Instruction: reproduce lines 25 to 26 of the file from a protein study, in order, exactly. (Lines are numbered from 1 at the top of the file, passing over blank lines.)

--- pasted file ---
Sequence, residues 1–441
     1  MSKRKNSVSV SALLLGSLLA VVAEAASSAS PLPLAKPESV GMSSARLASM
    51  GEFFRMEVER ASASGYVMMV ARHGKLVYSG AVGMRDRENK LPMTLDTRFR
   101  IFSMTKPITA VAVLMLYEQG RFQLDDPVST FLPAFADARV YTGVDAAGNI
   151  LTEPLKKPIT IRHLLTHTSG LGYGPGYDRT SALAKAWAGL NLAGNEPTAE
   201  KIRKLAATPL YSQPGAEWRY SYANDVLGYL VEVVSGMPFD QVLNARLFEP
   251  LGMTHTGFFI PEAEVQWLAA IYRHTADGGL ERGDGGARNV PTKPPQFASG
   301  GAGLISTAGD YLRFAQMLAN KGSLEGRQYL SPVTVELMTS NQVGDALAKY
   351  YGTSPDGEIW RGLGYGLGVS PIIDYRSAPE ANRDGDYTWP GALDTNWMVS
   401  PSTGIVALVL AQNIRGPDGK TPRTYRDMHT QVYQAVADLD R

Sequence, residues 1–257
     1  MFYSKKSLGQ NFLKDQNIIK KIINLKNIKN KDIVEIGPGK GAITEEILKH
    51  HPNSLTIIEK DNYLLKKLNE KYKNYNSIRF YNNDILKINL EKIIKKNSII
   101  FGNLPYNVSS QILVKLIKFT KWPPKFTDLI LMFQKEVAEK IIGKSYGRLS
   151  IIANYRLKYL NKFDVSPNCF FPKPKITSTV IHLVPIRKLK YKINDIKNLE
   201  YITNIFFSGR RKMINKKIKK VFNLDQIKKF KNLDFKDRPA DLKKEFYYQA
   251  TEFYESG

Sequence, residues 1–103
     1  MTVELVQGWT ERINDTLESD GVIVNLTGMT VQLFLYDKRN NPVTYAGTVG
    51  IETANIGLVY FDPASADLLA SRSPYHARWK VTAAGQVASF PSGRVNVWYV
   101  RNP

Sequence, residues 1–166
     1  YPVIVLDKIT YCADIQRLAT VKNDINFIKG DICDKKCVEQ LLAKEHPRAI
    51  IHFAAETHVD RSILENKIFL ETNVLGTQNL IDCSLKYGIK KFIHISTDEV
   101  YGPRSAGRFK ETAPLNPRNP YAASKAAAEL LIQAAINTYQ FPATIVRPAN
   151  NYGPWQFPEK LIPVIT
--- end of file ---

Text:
   101  YGPRSAGRFK ETAPLNPRNP YAASKAAAEL LIQAAINTYQ FPATIVRPAN
   151  NYGPWQFPEK LIPVIT